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NY Theater Reviews

CiarĂ¡n Hinds and Michael McElhatton/ Ph: Helen Warner



Conor McPherson’s spellbinding new play has the sense of something otherworldly reverberating within it.

In a recent interview with American Theatre, Conor McPherson says that he fleetingly imagined a second part of his new work, The Night Alive, “set in Heaven, or Purgatory. … At a certain point, God was going to come and explain everything.” In the play, there is some talk of time waves, the afterlife, death and black holes, but no supernatural visitations. That’s because McPherson buried all cosmic elements. Still, ghostly echoes distantly reverberate.
Although the Irish dramatist has peppered previous work with vampires (St. Nicholas), ghosts (Shining City) and Satan himself (The Seafarer), this time he keeps the metaphysics on the margins. On paper, The Night Alive is a gritty, realistic tale that begins with Tommy (Ciarán Hinds) coming to the aid of Aimee (Caoilfhionn Dunne), a young woman whose nose has been bashed by her boyfriend. Tommy brings Aimee home to his filthy, littered room, the first floor of an Edwardian building owned and also inhabited by disapproving Uncle Maurice (Jim Norton). Aimee crashes there for a bit and gets to know Tommy’s business associate, Doc (Michael McElhatton), a moony fellow who helps with odd jobs. Doc tells Tommy that the girl is known in town as a prostitute and indeed, she gives Tommy manual relief for cash. Violent conflict enters the picture in the form of Kenneth (Brian Gleeson), Aimee’s psychotic boyfriend. Lives are smashed up and then reassembled. By the end there’s a note of tentative hope. Sounds like an ordinary tale of lonely losers tangled up in each other’s messy lives.
But there’s more to it, a mystical chord that twangs underneath the seriocomic banter and spurts of violence. You detect the faintest sense of spiritual allegory: Tommy is a soul in limbo, inhabiting a transitory, hermitic space. Aimee comes into his life as a fallen angel pursued by a harrowing demon (her vicious boyfriend). Doc is Tommy’s fellow traveler, a sort of holy fool who must be protected from the world. And Maurice, who lives on the floor above and pounds on it when Tommy and his friends get too rowdy, could be construed as an angry, patriarchal deity. What this adds up to is too delicate to identify with total surety, but McPherson is clearly exploring states of damnation and salvation.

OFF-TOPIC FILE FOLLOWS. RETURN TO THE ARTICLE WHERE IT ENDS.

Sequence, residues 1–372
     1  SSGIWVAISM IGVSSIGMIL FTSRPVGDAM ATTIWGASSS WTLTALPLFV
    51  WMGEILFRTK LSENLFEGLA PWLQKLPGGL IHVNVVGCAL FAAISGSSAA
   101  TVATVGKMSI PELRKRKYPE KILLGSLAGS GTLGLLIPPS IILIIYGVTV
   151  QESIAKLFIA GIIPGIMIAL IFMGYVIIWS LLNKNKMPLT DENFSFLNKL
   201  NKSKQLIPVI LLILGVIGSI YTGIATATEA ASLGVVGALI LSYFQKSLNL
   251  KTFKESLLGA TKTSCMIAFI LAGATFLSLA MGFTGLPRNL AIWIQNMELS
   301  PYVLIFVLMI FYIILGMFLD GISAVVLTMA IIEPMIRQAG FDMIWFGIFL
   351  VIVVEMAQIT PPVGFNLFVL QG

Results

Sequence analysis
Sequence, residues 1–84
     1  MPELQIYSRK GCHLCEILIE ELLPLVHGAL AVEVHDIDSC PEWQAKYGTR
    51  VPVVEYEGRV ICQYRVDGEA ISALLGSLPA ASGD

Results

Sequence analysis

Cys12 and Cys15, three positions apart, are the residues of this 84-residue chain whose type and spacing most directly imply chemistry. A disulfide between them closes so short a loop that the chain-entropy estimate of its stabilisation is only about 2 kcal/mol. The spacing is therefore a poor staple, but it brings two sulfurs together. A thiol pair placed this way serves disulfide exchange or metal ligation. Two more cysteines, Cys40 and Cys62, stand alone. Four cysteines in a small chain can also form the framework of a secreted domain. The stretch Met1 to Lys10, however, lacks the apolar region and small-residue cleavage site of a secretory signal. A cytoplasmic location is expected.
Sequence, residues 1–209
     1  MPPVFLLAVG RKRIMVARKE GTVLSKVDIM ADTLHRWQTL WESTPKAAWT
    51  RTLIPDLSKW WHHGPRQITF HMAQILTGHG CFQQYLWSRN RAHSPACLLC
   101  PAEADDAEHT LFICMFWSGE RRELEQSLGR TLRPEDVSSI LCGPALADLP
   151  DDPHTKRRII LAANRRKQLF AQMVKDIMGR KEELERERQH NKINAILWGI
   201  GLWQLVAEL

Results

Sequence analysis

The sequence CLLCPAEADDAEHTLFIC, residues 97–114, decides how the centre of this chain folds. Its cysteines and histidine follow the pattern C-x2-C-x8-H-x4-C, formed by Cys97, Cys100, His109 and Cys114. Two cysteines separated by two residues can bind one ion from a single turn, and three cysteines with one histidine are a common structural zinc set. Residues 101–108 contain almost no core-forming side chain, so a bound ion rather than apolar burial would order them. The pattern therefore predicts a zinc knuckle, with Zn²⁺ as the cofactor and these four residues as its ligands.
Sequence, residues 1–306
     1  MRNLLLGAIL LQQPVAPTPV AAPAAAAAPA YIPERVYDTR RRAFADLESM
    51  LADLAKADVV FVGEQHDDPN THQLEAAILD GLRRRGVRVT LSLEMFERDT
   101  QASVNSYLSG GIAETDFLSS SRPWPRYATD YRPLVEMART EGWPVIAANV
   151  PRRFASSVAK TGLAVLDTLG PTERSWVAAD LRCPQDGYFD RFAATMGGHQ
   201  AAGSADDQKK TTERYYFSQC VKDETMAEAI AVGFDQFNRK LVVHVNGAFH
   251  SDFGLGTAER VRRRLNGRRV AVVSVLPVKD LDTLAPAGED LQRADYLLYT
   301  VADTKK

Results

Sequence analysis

This may sound like critical overreach, but just look at Soutra Gilmour’s set. Stage right are high double doors that lead to a balcony overlooking a garden. The doors are partly made of colored glass, and between light shining through and latticed shadows of trees, they look very much like stained glass windows in a church. Stage left is a long, dark corridor that leads past the audience to the rest of Maurice’s house. With subtle design choices, McPherson and his collaborators transform the Atlantic Theater Company into a religious zone, a place of spiritual transit. Certainly the final scene will leave you wondering if, at some point, we left the earthly plane.
None of this highfaluting conjecture comes out in the performances, which are all grounded, warm and fully realized. Hinds shuffles around his messy kingdom like a poorly groomed Irish wolfhound, maintaining a cheery dignity through it all. McElhatton takes a familiar type – the softheaded sidekick – and also finds pockets of grace. Watching Dunne soften and sweeten under Tommy’s ministrations is a joy. And watching Gleeson stalk Doc is a terror. Finally, Norton adds yet another indelible portrait of dissolution and heartbreak to his large store of McPherson elder figures. Each of these fine actors establishes, quickly and expertly, who they are.
It’s their world that’s mysterious. The beauty of McPherson’s writing is a peripheral, shimmery weirdness, the tug at your sleeve of something so otherworldly, you’re too scared to turn around and look. The Night Alive is a spellbinding and absolutely gorgeous new play by one of the true poets of the theater.
David Cote is theater editor and chief drama critic of Time Out New York. He is also a contributing critic on NY1’s On Stage.